- Fill it with compost suitable for Philodendrons, which means it needs to have good drainage, lots of oxygen, and plenty of nutrients.
- If you have any rooting hormone, now’s the time to use it on the cut ends of your cuttings. This will help encourage rooting a little faster.
- Use a pencil or something similar to guide your cuttings into the soil, and this will stop the stems from breaking.
- Make sure that the node is under the soil’s surface, and that the cuttings are deep enough so that they can stand up on their own.
- Lightly water the soil, avoiding watering the tops of the stems.
- If you have a clear plastic bag or a propagator lid, put this over the top of your cuttings to increase humidity and warmth, making sure that you use something else to hold it up rather than the cuttings themselves (such as bamboo chopsticks or orchid stakes).
- Put the whole thing somewhere warm and bright, but away from direct sunlight. Air out the pot for a few hours every couple of days, and keep the soil lightly damp.
- Once you see new growth on your cuttings, the plants have rooted, and you can leave off the bag or lid. You can also start watering your Philodendron plants more regularly, too.
- Once they look big enough to withstand their own pots, pot them up separately.
How To Air Layer Philodendrons
Air layering is a great propagation method for Philodendrons, as you don’t have to cut anything off the plant, keeping it large and lovely.
It’s generally more successful, as the only time you do cut the plant is when the new plants have already formed roots.
Take some moist sphagnum moss, some plastic wrap, a couple of toothpicks, and a sharp knife that’s been cleaned.
Decide where you want this new plant to form along the stem, and make a cut into the stem at a 30° angle, making the cut about an inch or two long.
Do not cut all the way through. Cut about a third into the stem, and use your toothpick to keep the wound open.
Wrap around the cut with damp sphagnum moss, and secure it with plastic wrap, covering it completely. You’ll want to open it up occasionally to check if the moss is drying out, and if it is, spray it liberally with water.
Roots should form within a few weeks, and at this point, you can plant it up as a new Philodendron.
Propagating Philodendrons In Sphagnum Moss, LECA, Or Perlite
Maybe you’re not a fan of propagating in compost. It doesn’t work for everyone. Or maybe you’re not a fan of growing houseplants in compost full stop, but you still want to propagate your plants.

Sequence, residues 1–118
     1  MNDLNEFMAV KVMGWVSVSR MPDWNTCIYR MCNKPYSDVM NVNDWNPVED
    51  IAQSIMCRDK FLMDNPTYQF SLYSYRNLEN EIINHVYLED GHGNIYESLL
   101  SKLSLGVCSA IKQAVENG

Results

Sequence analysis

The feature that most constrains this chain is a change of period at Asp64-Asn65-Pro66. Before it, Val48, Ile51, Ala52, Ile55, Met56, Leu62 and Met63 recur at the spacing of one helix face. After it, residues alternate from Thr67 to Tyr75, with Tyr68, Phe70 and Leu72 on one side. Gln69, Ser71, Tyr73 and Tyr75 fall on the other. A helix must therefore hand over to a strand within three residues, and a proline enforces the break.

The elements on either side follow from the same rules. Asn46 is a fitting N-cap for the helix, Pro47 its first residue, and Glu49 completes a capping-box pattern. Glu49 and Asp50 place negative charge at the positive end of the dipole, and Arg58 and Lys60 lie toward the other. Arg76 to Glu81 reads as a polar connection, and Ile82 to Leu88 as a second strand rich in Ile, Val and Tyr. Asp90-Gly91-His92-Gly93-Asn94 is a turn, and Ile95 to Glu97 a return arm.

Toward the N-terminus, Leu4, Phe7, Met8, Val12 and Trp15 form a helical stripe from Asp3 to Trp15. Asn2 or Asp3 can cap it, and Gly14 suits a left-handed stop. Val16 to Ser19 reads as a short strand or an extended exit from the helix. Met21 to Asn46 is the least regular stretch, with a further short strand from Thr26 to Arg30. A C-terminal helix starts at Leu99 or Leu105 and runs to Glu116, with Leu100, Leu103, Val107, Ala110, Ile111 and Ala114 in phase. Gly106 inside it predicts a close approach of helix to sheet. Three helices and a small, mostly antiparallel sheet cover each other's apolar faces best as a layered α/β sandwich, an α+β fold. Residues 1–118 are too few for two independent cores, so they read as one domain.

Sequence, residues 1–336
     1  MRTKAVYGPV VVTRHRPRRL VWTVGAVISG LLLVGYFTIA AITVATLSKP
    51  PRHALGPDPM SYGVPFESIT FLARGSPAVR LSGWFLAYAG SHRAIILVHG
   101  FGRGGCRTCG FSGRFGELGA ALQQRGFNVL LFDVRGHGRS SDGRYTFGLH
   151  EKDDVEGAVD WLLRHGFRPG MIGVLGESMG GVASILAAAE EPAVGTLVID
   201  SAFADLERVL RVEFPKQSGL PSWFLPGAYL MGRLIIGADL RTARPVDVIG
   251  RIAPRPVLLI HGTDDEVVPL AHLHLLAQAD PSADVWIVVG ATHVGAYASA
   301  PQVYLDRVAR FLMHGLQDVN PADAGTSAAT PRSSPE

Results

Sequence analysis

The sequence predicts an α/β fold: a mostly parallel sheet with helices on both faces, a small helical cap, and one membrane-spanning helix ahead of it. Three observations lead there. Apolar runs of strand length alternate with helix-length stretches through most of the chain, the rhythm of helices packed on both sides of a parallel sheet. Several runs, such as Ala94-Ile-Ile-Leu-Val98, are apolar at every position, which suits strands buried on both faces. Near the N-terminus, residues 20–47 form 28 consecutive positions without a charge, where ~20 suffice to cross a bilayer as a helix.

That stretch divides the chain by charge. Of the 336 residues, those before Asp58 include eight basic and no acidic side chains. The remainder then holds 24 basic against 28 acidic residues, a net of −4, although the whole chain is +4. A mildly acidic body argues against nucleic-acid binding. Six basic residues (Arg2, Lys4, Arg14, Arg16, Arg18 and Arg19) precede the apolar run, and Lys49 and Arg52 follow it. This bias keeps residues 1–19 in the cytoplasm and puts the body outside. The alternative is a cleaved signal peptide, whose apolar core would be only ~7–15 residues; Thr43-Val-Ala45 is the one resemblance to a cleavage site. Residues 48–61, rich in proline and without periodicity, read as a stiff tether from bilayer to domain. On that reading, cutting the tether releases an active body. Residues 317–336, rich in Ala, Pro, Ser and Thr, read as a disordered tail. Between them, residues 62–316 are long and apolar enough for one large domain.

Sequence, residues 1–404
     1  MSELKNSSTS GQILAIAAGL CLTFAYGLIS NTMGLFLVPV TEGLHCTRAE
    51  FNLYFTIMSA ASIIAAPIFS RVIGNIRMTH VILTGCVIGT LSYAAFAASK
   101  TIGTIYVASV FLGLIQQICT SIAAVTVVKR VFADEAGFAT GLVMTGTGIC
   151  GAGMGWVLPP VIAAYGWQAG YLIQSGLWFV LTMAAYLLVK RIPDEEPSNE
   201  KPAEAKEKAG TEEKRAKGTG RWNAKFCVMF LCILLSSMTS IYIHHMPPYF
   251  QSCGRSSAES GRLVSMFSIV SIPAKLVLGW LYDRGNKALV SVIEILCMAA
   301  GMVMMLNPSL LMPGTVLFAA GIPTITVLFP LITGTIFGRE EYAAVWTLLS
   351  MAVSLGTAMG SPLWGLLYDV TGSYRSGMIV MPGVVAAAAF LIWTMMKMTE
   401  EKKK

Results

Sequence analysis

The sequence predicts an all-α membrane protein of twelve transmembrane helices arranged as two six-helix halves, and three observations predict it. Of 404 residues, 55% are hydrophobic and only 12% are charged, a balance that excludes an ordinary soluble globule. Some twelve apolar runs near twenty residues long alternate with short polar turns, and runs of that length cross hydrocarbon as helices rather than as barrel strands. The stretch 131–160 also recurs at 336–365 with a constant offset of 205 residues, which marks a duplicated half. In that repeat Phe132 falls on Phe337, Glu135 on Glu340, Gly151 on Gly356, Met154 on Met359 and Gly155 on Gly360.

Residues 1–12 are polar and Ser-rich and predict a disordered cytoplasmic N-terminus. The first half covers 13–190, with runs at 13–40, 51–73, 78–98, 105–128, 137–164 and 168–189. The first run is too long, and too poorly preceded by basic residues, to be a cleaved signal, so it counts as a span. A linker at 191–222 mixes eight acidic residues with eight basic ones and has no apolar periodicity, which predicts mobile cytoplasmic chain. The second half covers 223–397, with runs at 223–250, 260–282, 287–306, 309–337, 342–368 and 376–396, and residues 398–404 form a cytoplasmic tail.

Compost can be tricky when it comes to cuttings if you can’t get the moisture levels right, and the cutting will either stop growing or rot completely, depending on if it’s too dry or too wet, and the bacteria in the soil can make things worse.
Most cuttings can be rooted in the likes of perlite, sphagnum moss, and LECA if you are careful about it.
Propagating in sphagnum moss is one of the best ways to ensure that your cuttings work, especially for those rare, expensive cuttings that you don’t want to lose, but you can use a different media of your choice, too.
Propagating Using LECA
LECA is fairly easy to propagate with, but you’ll need to make sure that the clay balls are hydrated, otherwise, it won’t work.
Soak the LECA overnight in tepid water, tipping out the water and any clay dust that comes with it. Replace the water and repeat for another two days.
Then tip out the water entirely and use the LECA straight away. Put the clay balls into a plastic see-through cup, fill the bottom quarter with water, and put the cuttings in there.
The LECA acts as a wick and will give the new cuttings just enough moisture to root, provided that you don’t use more water than this.
Propagating Using Perlite
You can also propagate your cuttings in straight perlite. Make sure the perlite is damp, and fill a pot with drainage holes.
Insert the cuttings deep enough so that they can stand on their own, and keep them lightly moist. This method works well for stem cuttings.
Propagating With Sphagnum Moss
Sphagnum moss will drastically reduce the weight time for some cuttings to root. It’s also worth using sphagnum moss as it provides a humid environment with plenty of air.
You’ll need to hydrate the moss before you use it. Put a couple of handfuls in a tray of tepid water for about five minutes, and then squeeze out the excess water with your fingers.
If you have a tray with a clear lid, put the moss on the potting and the cuttings on top, making sure that the nodes have good contact with the moss.
Keep the moss slightly damp, spraying it every so often so it doesn’t dry out, and keep the lid on to increase humidity.
You can also lay the moss into a clear ziplock bag, put the cuttings on top, and then seal it if you prefer.
Propagating Philodendrons doesn’t have to be hard. To make sure your cuttings are successful, don’t let them dry out completely, and keep them lightly damp somewhere bright and indirect.